Pvt hosps in push-back mode, to meet health panel head on Fri | Kolkata News – Times of India

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Kolkata: Private hospitals, under the banner of Association of Hospitals of Eastern India (AHEI), are all set to seek more clarity and plead their case with the West Bengal Clinical Establishment Regulatory Commission (WBCERC) chairman Justice Ashim Kumar Banerjee. Hospitals will then take a unanimous call on implementing the recent advisories issued by the health commission, especially on revising of bed charges and offering discount on medicines and consumables.
On Tuesday, AHEI members deliberated on five recent advisories the commission had issued in an attempt to bring down the cost of Covid-19 treatment. With hospitals wanting more clarity, a delegation — led by its president Rupak Barua — is scheduled to meet Banerjee on August 28 to discuss the issues raised during Tuesday’s committee meeting.
“Hospitals have unanimously decided to present our case to the commission and ask the chairman for more clarity since there are some technical issues involved,” said Barua after the meeting.
Most of the 16 major private hospitals that are part of AHEI have expressed strong reservations on the discount of medicine and consumables and revision of bed charges. Hospitals said while some of the advisories by the commission were welcome, some will leave hospitals under further financial constraint.
“How can we offer 10% discount on medicines on which we get just about 5% margin of profit? Some of the high-end drugs are not even available in the all medicine stores. And how can we ask the patient party to procure those on their own if the medicine is required in the middle of the night or say family members of the patients are under quarantine?” asked a hospital administrator.
On Saturday, WBCERC had asked hospitals to go back to the bed charges that existed on March 1, 2020, and also offer a discount of 10% and 20% on medicines and consumables, respectively.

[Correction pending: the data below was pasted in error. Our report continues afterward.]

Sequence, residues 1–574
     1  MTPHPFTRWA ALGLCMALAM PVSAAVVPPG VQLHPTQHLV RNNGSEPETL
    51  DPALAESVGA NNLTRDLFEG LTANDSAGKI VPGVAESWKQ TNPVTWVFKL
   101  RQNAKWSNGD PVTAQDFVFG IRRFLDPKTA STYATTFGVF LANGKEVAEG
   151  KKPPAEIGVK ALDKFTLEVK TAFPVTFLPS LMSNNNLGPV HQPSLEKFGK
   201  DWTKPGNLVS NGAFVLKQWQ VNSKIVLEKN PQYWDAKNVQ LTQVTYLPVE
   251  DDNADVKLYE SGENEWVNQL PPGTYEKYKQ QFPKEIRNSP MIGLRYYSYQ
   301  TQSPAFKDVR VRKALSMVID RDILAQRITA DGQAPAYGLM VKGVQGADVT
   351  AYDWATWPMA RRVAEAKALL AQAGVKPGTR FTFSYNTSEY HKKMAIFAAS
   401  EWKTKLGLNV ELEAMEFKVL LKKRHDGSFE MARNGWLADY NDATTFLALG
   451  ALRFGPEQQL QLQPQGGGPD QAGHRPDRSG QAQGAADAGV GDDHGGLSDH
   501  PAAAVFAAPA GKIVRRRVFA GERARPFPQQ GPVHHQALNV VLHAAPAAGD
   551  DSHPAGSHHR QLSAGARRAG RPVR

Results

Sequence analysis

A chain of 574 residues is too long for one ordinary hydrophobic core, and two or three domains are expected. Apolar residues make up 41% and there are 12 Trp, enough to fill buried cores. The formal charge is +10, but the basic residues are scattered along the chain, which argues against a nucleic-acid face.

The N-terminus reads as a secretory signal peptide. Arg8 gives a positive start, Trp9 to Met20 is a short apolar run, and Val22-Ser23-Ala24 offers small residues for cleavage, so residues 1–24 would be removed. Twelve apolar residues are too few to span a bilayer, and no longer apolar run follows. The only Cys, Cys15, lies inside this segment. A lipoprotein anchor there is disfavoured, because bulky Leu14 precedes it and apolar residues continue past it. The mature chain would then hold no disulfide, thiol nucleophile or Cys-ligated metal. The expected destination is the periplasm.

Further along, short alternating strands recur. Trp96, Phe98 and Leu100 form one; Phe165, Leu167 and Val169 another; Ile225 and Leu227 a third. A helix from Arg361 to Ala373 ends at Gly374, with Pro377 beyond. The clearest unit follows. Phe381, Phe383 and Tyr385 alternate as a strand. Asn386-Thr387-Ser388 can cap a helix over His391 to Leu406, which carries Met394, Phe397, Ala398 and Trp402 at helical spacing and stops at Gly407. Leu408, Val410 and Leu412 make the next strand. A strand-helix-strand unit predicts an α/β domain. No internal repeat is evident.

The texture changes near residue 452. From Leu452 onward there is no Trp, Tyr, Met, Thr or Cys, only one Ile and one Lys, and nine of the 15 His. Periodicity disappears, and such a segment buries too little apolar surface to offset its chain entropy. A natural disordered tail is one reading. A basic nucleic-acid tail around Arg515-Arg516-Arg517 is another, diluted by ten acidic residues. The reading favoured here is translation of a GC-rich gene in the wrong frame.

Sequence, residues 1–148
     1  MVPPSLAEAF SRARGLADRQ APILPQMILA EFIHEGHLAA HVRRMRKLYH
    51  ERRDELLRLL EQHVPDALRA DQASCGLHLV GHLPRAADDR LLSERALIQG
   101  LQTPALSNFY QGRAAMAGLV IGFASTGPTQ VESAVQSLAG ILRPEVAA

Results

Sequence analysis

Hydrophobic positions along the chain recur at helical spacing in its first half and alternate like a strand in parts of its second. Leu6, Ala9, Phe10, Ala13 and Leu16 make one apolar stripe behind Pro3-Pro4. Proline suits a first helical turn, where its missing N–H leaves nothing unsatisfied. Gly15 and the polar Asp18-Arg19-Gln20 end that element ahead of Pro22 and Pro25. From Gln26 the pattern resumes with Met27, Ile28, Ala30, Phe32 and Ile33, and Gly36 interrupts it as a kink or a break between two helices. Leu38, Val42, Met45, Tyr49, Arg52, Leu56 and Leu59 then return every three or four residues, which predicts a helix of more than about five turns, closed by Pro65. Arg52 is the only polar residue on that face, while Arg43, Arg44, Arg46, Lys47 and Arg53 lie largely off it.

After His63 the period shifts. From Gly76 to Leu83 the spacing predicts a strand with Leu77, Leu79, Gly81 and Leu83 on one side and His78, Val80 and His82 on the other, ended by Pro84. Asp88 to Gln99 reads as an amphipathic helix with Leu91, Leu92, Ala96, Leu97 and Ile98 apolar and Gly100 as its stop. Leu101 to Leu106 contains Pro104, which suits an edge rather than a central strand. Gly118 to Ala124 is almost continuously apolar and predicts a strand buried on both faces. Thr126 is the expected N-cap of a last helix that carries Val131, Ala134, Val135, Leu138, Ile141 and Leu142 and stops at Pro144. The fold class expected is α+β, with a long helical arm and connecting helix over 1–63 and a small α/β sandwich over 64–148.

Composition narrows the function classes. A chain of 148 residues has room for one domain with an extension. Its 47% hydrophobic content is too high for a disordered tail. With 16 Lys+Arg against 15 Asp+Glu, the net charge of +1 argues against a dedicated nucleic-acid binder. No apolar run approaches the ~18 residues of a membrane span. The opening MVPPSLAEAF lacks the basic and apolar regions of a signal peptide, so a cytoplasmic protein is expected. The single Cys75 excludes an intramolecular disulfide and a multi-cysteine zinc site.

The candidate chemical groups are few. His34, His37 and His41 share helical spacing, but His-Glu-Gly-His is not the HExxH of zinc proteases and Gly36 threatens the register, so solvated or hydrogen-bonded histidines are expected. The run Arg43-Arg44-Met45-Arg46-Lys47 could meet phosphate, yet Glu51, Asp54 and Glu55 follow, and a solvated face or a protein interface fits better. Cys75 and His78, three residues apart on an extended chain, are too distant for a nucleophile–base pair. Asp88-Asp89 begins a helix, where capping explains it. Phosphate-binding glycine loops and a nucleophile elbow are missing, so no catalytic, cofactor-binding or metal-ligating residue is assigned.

“Hospitals are already giving discounts to patients, especially those under the government health schemes, mediclaims and corporate tie-ups. Therefore, we need more clarity on this discount issue,” said Barua.
Hospitals also said that the revision of bed charges since April 1, 2020, is a part of the yearly financial exercise and had nothing to do with the pandemic. “The advisory also does not specify if the revision of bed charges pertains to only Covid patients or it applies to non-Covid patients as well. If we were to go back to 2019 bed charges for non-Covid patients too, it will leave hospitals in financial stress,” said an official of another private hospital.
Hospitals, however, said they had already implemented advisories on the deposit amount and making billing more transparent. “We have started working on some advisory like displaying of hospital rates for more transparency,” said Sudipta Mitra, CEO of Peerless Hospital.
The hospital representatives also argued that taking consent from a patient’s family for investigative tests that cost more than Rs 2,000 was not always possible, especially in cases where the test is required urgently in critical patients. “We will be waiting and watching as to what emerges from Friday’s meet with the WBCERC chairman to decide on implementation of the recent advisories,” said a spokesperson of a private hospital.

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